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Notalgia Paraesthetica
  1. Richard Knight
  1. Department of Clinical Neurosciences, Western General Hospital, Edinburgh. E-mail: R.KNIGHT{at}ed.ac.uk

    Abstract

    It must always be interesting and educational for a clinician to find they have a disease. The interest must be all the more acute when it affects the system in which they are a specialist, but easier to express when it is a trivial disorder that needs no treatment. Indeed, if I have any reservation about discussing my symptoms, it is simply that it is hard to believe they are worthy of the interest of others. Perhaps this is an inhibition that some of our patients share, although it is hard to maintain this view after a routine Monday morning clinic.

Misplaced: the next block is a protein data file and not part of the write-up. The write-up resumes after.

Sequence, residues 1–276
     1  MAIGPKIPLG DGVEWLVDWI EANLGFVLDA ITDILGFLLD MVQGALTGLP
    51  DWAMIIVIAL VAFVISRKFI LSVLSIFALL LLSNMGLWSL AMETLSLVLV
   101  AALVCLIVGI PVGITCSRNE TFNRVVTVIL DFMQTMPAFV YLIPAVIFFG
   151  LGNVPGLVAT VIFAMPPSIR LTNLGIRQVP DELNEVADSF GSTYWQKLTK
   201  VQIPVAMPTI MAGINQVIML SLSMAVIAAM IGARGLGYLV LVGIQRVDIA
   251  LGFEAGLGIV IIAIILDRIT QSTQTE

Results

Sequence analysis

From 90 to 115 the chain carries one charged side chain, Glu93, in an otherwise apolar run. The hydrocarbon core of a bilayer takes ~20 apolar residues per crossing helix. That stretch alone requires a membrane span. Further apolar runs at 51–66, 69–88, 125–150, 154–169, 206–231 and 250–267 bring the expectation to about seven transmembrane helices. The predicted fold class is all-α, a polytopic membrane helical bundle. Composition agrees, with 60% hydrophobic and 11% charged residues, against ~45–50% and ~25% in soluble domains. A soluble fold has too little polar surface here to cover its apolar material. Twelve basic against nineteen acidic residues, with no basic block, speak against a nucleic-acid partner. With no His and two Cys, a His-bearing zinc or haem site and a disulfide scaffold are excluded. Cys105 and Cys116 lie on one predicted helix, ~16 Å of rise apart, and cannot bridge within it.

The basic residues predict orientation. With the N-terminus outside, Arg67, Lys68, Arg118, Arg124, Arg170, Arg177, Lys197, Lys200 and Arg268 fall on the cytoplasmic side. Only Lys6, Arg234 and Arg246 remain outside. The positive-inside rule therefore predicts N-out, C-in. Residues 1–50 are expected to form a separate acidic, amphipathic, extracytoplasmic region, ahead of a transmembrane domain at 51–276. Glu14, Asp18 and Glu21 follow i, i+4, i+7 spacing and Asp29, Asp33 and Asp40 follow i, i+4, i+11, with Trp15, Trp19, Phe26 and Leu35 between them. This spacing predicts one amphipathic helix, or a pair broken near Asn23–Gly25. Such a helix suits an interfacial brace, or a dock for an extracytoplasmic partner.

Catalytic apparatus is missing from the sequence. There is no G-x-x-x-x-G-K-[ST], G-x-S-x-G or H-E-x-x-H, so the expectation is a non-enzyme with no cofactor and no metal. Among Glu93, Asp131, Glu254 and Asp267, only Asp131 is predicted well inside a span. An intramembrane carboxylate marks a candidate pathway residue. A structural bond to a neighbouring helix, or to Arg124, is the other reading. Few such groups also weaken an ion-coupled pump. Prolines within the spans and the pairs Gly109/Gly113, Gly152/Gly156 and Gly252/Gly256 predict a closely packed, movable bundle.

At the age of 50, I have had Notalgia Paraesthetica for at least 20 years; it is difficult to accurately recall. I can recognize the problems that patients frequently have in giving a precise history.

    The core symptom is that of variable sensory disturbance affecting the left upper back

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